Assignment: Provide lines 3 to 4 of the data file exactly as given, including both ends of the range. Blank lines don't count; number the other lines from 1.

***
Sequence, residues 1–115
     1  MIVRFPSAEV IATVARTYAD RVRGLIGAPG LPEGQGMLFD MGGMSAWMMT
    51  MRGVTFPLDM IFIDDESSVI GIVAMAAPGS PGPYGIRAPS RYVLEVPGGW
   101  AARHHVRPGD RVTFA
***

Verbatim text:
    51  MRGVTFPLDM IFIDDESSVI GIVAMAAPGS PGPYGIRAPS RYVLEVPGGW
   101  AARHHVRPGD RVTFA